In addition to the style is the story. Sure, it may be told non-linear, but its intriguing and not entirely complex (even though the conclusion is considerably open ended). Plus, the character development is superb. In Tarantino's world, there are no good or bad guys. Every character has their positive and negative aspects. Take Mr. Blonde for example. In the film's most notorious sequence, he shown to be a sadist and tortures a kidnapped police officer. However, he also has a touching and loyal friendship with Joe and Nice Guy Eddie.
None of Tarantino's followers got it right. Just watch "The Boondock Saints" to prove this point. Skip the shoddy imitations, go straight to the source. (10/10)
"I feel like a director who has not yet directed, therefore I don't
exist." Said an idealist, enthusiastic Quentin Tarantino back when he
was working at Video Archives in the early 1990s, eager to start
climbing the directorial ladder in Hollywood. At this time he was just
a screenplay-writer, penning early works such as Natural Born Killers
(a baby of his he felt he stabbed in the heart when he gave up to
Oliver Stone to rewrite), True Romance and From Dusk Till Dawnall
initially fruitless fares that no one dared to green-light. Production
companies were choosy, cliquish and wouldn't give an untested director
like Tarantino a break. Not even for Reservoir Dogs.
Growing increasingly frustrated at navigating the world of hard-to-please production corporations to OK his project and pass him the director's chair, Taratino approached producer Lawrence Benderarguably the best choice of his career (he's been working closely with him ever since). Bender loved the script of Reservoir Dogsand who wouldn't? It pours crime, gangsters and humour into an exquisite blender and sprinkles it with heavy doses of edgy style. Together the two of them set out to do this film, and soon caught the eye of Richard Gladstein at Live Entertainment in Van Nuys, who would later agree to finance the little project.
It really was a "little" project, too, with a budget of a mere $1,200,000which meant that the '65 Yellow Cadillac that you see in the film is Michael Madsen's own. Yet breathless and excited at becoming a debut-director and finally getting to tend to his baby himself which this position now afforded him, Quentin Tarantino and Lawrence Bender began the process and the mega cult hit that is "Reservoir Dogs" (1992). Harvey Keitel was first approached to star as Mr. White and with his name on-board, he himself convinced several star-actors to grace the cast list along with him. He told them they wouldn't get much money for it, but that the script alone was worth jumping on-board for. They agreed.
That's some basic back-story for you on how this film came to be, and I feel it is important to keep in mind the fervent enthusiasm and gratitude with which Quentin Tarantino embarked on his debut-director journey. It translates in the eager, rapid-fire dialogue between the characters, the clever pacing of the story and the fresh edge of the narrative. This is a man with a deeply-rooted love for films and who wanted nothing more than to make his own--and now that privilege had been granted, and not a minute too soon. Upon the release of "Dogs", Tarantino was rightly vaulted into the great directors' fame and, I imagine, became even more enthusiastic about film-making.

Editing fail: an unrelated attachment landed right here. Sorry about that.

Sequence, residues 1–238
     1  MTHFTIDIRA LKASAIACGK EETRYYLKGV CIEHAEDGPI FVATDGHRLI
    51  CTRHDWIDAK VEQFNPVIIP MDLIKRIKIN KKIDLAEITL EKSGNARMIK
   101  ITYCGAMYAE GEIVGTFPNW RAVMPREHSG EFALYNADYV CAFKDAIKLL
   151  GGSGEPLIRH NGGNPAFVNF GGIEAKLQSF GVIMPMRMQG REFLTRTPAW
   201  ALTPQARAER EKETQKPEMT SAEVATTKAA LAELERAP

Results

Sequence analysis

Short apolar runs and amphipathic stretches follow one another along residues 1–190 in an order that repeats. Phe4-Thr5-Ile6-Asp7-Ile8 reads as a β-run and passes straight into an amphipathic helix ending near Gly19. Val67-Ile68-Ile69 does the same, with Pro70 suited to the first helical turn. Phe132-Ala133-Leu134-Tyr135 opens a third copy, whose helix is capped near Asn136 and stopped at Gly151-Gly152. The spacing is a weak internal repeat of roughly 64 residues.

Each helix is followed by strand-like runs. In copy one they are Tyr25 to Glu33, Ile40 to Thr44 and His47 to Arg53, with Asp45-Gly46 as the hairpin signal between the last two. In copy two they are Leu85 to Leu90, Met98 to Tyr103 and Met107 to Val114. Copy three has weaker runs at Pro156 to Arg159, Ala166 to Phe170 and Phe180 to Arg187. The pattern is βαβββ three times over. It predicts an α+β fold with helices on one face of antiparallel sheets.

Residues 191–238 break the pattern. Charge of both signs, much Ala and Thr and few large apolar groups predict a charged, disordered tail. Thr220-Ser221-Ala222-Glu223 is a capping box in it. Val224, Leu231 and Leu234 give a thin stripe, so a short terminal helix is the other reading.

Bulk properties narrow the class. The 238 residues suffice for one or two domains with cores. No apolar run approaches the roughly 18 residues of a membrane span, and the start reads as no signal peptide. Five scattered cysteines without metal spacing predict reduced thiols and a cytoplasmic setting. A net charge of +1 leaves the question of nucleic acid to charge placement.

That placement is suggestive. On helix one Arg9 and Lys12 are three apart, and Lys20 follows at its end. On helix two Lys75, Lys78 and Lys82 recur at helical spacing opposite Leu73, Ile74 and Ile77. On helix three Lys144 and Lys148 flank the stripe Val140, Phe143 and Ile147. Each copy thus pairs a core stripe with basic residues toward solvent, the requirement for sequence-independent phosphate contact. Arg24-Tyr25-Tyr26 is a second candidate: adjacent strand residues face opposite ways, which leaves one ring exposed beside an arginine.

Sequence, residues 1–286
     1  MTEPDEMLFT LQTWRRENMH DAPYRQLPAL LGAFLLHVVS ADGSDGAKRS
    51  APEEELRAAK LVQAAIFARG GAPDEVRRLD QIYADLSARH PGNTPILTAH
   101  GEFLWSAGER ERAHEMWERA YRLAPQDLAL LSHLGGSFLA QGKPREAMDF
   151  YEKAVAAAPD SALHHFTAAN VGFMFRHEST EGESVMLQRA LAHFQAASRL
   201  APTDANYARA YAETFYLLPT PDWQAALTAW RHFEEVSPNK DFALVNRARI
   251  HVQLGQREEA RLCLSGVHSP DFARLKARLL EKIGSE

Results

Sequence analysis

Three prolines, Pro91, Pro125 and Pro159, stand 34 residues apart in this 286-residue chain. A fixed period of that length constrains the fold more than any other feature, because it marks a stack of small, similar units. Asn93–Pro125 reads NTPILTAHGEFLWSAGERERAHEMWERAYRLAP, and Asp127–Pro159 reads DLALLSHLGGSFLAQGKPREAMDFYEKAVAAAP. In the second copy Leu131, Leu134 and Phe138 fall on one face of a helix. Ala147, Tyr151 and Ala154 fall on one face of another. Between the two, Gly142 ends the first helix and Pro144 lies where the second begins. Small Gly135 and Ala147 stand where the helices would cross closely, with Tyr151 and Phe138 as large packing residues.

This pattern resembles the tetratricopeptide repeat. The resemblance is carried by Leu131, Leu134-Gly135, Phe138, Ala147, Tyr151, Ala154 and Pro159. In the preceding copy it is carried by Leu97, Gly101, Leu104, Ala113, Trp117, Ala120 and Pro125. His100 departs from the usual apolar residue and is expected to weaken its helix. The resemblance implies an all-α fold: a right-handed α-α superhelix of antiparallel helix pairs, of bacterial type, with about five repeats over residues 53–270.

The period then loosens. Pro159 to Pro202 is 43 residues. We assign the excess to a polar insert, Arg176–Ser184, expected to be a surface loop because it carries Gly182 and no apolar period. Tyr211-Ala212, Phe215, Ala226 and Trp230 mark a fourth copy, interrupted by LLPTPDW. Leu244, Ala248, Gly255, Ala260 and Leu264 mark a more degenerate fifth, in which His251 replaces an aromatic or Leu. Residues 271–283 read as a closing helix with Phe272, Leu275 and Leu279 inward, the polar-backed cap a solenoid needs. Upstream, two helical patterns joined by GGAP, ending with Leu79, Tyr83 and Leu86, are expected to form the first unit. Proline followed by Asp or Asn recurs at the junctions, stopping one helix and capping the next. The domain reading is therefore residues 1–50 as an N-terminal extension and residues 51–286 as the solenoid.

The end product is a very good film that sees five anonymous hit men team up for a big heist an armed robbery on a Diamond warehouse that will be central to the wide variety of eccentrically quirky characters who all lend their skills to the job. The heat of the police clings onto them during this task because there's talk of a rat in their group... but who is it? The film starts at the end of the robbery, zooming in on a chaotic bloody state and then backtracks in flashbacksnon-chronologically and a bit babbling, but it still worksin an attempt to answer this question. Does it? Yes, but perhaps not in the way you think.
Although this fare is devoid of any profound message, morals or statement and there's no discernible kind of symbolism, it is extremely enjoyable on a basic level. In fact, maybe its straightforward approach to a storybut with criminal diversions, twists and plot-devicesis what makes it so great. This is a clever heist, just take it or leave it. The interactions and actions between the characters are at focus, placing environment in the backseat; this means that Reservoir Dogs can proudly boast of having one of the greatest dialogue-driven scenes in film, and it takes place at the beginning at the diner when Mr. Pink (Steve Buscemi) explains to the other guys why he does not tip waitresses--the others are compassionate and argue that they are minimum-wage workers no rely on tip, but Mr. Pink is stern: "Do you know what this is? Its the world's smallest violin playing just for the waitresses. "
The film is full of gems like these, full of great colourful gangster performances (in particular Michael Madsen as Mr. Blonde--the most badass character in history) and full of clear-eyed and gory style. As far as heist films go, this is a grand accomplishment. If anything, it is a bit short (99 minutes). These characters are so interesting that we never feel as though we get to know them enough--it's a little rushed and a little dizzying at times. This is no surprise as Reservoir Dogs was originally written as a short film, barely stretching 20 minutes and with characters that weren't meant to be particularly developed or dimensional. They are more so in the final, long version, but it's still a little too rushed. Although I suppose is intentional on Tarantino's part to signify the hectic pace of the heist and the cops chasing them.